Reuters: Apple abandons iCloud backup encryption due to FBI pressure
14.02.2020 0 Comments
In February 2016, a conflict occurred between Apple and the FBI, which resulted in public accusations of the company not wanting to help unlock the iPhone in the San Bernardino massacre case. Then Apple said that the confidentiality of user data is a priority for it. But as it turned out, data backups in iCloud do not use end-to-end encryption. This greatly facilitates the task of law enforcement agencies, since they do not even need access to a smartphone. According to Reuters, the company abandoned plans to allow users to encrypt their files in iCloud after repeated complaints by the FBI.
Apple has long boasted that it always defends user privacy, even deployed a huge banner ad near the CES exhibition center in Las Vegas, which read: "Everything that happens on your iPhone remains on your iPhone." The new protection system was supposed to help users protect their files from intruders. After its implementation, the company would not be able to control the data that is uploaded to iCloud. Accordingly, I could not pass them on to third parties. But at one point, Apple refused to encrypt backups in the cloud because of the risk of losing users access to their files.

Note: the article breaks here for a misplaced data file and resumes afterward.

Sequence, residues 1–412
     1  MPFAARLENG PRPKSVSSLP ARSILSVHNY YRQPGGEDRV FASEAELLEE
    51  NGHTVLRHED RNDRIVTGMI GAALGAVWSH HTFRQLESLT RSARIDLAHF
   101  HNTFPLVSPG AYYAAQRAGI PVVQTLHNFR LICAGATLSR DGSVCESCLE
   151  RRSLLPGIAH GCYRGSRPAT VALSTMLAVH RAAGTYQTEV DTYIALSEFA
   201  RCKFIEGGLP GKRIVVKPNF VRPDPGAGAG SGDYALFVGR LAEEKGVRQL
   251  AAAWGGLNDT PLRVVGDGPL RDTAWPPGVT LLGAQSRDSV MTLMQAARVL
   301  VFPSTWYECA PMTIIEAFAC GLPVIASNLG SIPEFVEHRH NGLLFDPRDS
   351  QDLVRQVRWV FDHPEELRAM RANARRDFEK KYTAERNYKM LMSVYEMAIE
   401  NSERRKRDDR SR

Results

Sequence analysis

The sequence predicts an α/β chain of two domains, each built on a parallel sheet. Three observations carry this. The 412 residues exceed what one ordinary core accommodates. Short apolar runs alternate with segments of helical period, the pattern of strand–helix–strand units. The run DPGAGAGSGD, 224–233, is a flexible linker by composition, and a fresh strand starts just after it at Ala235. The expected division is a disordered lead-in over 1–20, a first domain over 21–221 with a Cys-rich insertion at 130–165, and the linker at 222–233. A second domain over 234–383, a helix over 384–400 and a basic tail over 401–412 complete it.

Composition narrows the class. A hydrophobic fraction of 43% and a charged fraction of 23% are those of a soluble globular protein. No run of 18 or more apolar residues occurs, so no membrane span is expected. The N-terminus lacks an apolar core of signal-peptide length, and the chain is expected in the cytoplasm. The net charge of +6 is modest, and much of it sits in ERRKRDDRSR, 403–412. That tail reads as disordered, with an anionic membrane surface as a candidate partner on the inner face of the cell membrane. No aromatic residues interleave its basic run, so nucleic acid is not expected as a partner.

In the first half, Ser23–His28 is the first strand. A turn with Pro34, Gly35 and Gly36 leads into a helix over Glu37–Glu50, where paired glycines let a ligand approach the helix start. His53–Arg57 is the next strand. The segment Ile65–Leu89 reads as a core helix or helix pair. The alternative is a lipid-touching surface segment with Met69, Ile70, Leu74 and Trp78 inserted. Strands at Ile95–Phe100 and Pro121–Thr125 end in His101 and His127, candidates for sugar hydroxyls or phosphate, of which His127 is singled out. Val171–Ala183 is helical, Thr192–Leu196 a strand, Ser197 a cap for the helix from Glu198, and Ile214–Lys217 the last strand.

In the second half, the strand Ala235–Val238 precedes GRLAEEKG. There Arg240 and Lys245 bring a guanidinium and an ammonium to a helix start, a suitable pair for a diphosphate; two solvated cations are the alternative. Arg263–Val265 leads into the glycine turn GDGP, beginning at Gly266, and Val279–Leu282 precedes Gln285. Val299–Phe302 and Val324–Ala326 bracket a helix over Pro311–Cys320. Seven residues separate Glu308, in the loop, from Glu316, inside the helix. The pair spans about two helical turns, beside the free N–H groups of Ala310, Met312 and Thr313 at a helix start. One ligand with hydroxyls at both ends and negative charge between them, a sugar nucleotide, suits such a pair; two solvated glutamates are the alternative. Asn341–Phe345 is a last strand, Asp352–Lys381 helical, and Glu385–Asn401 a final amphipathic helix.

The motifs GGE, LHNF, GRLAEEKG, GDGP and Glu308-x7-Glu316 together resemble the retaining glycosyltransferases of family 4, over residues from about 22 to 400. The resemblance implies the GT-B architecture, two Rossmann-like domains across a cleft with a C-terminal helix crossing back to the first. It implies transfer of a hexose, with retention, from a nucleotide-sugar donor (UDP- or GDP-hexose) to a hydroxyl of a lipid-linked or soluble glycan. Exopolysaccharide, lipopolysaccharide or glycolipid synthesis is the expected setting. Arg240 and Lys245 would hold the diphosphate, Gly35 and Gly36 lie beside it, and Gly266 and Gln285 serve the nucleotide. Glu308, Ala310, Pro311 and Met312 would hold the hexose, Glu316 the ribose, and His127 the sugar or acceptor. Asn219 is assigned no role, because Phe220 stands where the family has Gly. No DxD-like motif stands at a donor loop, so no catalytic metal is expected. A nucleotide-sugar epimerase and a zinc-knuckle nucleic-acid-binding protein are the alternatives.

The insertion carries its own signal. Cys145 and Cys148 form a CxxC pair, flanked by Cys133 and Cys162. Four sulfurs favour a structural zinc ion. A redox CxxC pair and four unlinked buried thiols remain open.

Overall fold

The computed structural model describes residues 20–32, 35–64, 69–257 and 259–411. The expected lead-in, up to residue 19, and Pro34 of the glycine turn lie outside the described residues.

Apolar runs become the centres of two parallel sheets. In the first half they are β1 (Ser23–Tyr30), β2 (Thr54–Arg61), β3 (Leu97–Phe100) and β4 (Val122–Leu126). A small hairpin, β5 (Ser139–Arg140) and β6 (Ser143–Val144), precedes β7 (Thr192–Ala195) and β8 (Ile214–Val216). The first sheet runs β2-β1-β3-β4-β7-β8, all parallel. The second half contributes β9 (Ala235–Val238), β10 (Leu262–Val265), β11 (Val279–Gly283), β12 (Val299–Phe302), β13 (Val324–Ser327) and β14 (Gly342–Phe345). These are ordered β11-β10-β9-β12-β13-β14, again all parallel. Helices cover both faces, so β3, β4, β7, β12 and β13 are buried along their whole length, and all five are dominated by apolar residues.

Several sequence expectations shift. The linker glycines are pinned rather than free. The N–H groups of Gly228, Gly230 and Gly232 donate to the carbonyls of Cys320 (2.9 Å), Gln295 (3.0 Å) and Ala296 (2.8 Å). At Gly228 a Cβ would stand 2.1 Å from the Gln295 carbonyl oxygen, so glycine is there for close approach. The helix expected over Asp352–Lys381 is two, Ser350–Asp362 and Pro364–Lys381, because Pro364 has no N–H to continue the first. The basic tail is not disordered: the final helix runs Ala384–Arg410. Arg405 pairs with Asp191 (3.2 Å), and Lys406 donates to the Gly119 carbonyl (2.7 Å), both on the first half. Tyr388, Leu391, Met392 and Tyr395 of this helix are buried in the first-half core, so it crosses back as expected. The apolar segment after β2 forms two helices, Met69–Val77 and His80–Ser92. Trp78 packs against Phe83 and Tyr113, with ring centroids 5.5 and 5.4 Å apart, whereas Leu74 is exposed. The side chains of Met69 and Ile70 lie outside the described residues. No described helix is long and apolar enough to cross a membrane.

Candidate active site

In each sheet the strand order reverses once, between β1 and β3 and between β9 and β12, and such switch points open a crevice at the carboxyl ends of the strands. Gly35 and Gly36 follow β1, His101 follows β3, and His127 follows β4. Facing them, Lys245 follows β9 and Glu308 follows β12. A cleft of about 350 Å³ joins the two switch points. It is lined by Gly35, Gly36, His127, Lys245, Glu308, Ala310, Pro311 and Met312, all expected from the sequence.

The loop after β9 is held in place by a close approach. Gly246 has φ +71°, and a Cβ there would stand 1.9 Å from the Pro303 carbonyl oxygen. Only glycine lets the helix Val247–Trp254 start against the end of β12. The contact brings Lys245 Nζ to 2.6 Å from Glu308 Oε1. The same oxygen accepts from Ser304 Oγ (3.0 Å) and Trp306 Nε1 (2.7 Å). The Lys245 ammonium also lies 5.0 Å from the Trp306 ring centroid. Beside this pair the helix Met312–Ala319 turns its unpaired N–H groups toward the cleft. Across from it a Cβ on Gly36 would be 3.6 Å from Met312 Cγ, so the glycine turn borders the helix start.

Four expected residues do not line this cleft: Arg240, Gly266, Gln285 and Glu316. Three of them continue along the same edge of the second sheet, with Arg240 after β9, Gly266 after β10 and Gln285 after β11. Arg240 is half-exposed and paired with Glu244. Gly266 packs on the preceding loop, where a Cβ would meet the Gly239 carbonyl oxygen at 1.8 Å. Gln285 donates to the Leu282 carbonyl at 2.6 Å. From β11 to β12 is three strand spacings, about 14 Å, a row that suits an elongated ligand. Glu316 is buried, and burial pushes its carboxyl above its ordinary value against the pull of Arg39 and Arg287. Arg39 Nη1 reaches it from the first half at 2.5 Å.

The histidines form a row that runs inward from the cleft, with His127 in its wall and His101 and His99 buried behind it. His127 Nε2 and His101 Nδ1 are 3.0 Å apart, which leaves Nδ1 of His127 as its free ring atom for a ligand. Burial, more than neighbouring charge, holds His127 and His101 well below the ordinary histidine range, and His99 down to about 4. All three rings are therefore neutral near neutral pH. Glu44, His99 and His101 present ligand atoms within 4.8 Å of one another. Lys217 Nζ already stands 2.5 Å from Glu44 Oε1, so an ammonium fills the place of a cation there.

Some sources claim that it was the FBI who opposed data encryption in iCloud, and Apple simply decided not to “tease the bear” anymore. According to Reuters, in the first half of last year, Apple gave law enforcement agencies full backups of approximately 6,000 devices, satisfying 1,568 requests. In the second half of 2018, US intelligence agencies had data from more than 14,000 user accounts.